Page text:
This article is first in a series about the fundamentals and tricky techniques of implementing and attacking software protection.
Software protection is a surprisingly unformalized area of computer security, despite being around for a more than 20 years. Generally, it refers to using various programming techniques to ensure an application executes correctly and without interference. It first appeared on 8-bit computers, Commodore/Apple/Atari. Its younger brother, content protection, has been around since HBO satellite broadcasts were first scrambled in the mid-80’s.
Copy protection is a more specific form of software protection. Its goal is to prevent software from being used without the presence of the original distribution media (floppy, CD) or an embodiment of a valid license (hardware dongle, license file).
Content protection is slightly different in that the goal is to provide users access to some protected content in a controlled manner. The controls make sure the content has been processed and displayed to the user in its least valuable form without extraction of its more valuable form. For example, high-def DVDs contain compressed video and audio that is encrypted with a key that can only be derived by licensed software, which is trusted to decode the data and output it only to a display. Preventing access to the content when it is in its most valuable, reusable form while making sure it is as available as possible in less reusable forms is the main goal of content protection.
Software protection is usually used to implement copy and content protection, especially when the software is targeted to a general-purpose PC. It is also used to prevent modifying games to cheat (more lives, better aiming). Often, software protection is the only means available when hardware protection is too expensive.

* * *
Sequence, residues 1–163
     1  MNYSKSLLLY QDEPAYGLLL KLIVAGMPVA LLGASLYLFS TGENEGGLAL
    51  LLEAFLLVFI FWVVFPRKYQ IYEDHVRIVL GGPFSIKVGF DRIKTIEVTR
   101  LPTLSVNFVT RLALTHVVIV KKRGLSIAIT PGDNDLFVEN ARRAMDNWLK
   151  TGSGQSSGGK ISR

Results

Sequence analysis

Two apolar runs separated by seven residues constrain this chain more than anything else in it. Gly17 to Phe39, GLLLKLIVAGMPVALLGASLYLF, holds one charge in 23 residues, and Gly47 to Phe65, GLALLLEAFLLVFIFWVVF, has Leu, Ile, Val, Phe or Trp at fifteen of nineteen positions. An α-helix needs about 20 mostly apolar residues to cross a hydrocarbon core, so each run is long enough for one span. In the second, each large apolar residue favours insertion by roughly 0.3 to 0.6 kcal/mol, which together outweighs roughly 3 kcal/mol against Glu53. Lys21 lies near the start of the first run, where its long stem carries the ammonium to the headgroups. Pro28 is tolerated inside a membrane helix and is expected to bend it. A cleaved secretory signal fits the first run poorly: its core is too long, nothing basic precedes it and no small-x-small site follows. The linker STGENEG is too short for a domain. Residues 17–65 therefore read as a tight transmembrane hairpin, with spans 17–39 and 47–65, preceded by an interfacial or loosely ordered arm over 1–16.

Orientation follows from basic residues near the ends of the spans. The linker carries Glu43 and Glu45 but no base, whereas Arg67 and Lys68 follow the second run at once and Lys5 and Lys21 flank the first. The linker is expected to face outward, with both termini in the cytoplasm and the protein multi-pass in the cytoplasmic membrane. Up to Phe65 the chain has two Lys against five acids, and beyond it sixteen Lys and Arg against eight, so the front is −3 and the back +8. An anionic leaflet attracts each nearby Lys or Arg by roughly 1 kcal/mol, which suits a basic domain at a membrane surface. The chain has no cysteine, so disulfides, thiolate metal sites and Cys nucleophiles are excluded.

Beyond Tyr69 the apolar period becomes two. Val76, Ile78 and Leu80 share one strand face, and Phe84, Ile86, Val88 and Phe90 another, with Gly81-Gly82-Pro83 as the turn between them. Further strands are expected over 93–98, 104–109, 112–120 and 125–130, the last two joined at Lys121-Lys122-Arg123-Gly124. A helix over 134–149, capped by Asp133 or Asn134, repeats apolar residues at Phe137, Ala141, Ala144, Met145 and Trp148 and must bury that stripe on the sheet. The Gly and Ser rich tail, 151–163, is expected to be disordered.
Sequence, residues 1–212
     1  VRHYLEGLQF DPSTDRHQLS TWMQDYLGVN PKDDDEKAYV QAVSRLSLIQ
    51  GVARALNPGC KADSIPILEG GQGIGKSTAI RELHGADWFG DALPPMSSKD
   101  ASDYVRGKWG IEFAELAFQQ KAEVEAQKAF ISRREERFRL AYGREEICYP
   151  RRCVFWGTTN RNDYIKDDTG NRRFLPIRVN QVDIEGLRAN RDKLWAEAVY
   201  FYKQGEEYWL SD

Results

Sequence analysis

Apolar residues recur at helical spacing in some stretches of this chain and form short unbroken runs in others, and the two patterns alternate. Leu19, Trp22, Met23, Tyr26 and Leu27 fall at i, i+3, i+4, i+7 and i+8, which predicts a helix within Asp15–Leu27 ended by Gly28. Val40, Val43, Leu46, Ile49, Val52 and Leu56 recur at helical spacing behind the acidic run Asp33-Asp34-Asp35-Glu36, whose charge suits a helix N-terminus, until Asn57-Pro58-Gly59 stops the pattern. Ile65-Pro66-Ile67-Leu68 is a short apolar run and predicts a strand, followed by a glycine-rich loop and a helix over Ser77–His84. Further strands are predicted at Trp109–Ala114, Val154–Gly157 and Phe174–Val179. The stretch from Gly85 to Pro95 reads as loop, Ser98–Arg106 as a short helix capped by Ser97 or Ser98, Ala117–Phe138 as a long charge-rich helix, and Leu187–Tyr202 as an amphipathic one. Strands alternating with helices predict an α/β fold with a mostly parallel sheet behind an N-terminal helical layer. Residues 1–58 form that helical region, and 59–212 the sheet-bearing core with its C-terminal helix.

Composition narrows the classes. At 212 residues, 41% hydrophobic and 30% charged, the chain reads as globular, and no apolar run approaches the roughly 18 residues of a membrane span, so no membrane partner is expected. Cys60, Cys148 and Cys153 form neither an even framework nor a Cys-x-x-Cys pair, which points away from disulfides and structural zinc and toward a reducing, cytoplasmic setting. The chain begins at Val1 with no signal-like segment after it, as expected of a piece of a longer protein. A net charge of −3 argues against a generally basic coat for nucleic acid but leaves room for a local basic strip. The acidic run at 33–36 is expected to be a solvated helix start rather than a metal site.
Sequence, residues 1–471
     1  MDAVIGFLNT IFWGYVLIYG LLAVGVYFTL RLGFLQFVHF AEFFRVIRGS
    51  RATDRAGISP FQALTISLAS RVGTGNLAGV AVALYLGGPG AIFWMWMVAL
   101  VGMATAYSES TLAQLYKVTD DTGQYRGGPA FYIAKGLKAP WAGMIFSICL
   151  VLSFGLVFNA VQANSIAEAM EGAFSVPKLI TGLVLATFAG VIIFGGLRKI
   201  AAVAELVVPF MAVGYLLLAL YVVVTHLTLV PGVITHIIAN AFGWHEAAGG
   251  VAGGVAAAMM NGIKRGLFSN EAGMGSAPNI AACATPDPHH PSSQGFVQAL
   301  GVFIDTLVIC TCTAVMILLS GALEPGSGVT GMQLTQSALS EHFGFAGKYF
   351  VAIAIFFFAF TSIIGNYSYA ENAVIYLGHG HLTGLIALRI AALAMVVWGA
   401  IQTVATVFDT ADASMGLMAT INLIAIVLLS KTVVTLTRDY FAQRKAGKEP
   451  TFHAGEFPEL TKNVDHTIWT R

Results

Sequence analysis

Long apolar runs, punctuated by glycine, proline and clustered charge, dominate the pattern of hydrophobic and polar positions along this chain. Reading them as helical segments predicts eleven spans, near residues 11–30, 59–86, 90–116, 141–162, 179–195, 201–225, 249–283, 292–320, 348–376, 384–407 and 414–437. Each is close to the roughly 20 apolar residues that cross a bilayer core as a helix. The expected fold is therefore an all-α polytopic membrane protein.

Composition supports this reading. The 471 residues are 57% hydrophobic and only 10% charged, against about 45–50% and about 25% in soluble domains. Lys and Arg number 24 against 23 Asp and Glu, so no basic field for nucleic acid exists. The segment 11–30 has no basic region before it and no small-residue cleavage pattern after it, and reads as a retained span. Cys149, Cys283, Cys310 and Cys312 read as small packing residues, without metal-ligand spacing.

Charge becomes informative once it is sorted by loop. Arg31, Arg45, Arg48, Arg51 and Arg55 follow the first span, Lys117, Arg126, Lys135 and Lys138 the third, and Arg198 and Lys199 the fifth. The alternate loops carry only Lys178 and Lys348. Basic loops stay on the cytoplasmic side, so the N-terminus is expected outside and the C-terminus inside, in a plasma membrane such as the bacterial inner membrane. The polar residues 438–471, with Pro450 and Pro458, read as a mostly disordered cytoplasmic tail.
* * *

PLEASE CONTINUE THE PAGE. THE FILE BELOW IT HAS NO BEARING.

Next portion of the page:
Hardware protection is often used when more value is at stake and the vendor can afford the increased per-user cost. For example, smart cards provide a tamper-resistant execution platform for various software applications. Passports, digital cash, credit, transit passes, satellite TV, and pre-paid phones all use a combination of hardware and software protection to ensure that the transaction is honest.
Both software and hardware protection can be circumvented in various ways. The attacker usually follows these steps:
- Obtain a working copy of the software
- Inspect the protection methods
- Build various steps to compromise the protection once
- Develop a simpler method of packaging the attack
- Test the attack method, repeating the previous step if it fails
- Distribute the unprotected software or packaged attack
To slow down or stop attackers, software protection employs mechanisms targeted at each step in the above chain.
- Media binding or content encryption
- Obfuscation, code encryption
- Anti-debugging, anti-tampering
- Revocation, forensic marking
In addition to these technical measures, a smart vendor also uses ethical, social, legal, and marketing efforts. If no one feels confident pirating your software (e.g., because pirated copies can be traced back to the original purchaser), the technical protection scheme is secondary. However, some vendors often overly depend on non-technical means when a technical approach is more appropriate.
Next, we’ll examine media binding techniques both old and new.